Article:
Saturday, October 24, 2015


Seize the Day

Aeschylus, Persians 840-842 (ghost of Darius speaking; tr. Christopher Collard):
But I wish you elders well, despite the disaster:
give your spirits pleasure day by day,
since wealth is no use to the dead.

ὑμεῖς δέ, πρέσβεις, χαίρετ᾽, ἐν κακοῖς ὅμως
ψυχῇ διδόντες ἡδονὴν καθ᾽ ἡμέραν,
ὡς τοῖς θανοῦσι πλοῦτος οὐδὲν ὠφελεῖ.
David R. Slavitt's rendition bears little resemblance to the Greek:
                                               I leave you only
one word of advice—look to the small pleasures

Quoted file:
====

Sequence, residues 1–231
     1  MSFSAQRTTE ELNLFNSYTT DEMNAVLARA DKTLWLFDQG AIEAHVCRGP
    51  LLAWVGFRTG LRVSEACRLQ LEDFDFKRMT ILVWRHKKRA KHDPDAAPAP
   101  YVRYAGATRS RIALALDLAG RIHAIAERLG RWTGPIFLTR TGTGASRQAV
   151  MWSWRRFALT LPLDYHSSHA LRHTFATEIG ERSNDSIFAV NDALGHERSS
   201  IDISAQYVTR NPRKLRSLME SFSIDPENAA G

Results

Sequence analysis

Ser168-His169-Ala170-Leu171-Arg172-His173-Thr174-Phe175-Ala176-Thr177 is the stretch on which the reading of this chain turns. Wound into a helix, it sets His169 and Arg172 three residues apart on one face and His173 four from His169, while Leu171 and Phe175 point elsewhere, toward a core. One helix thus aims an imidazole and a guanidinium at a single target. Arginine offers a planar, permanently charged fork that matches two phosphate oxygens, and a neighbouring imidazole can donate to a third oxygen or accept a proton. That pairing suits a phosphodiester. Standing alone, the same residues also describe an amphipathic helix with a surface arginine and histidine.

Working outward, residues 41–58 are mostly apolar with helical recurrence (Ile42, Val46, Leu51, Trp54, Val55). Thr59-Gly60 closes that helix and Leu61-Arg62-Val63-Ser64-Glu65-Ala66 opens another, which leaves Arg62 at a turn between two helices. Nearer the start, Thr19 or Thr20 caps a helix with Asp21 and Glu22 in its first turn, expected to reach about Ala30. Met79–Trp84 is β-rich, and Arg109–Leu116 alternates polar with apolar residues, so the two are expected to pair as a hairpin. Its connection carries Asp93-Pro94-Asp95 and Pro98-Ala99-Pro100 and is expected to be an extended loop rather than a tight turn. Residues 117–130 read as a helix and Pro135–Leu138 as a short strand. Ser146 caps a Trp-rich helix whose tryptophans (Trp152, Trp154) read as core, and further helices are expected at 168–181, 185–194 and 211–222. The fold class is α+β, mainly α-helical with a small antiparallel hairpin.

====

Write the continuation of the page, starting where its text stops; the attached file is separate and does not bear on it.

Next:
along the way. Nothing else lasts or matters.
Ambition, power, wealth, and all the rest,
none of us misses down there. But a cold drink
on a hot day? What more can one want?

A pair of asyndetic privative adjectives sighted at Aeschylus, Persians 862: ἀπόνους ἀπαθεῖς.


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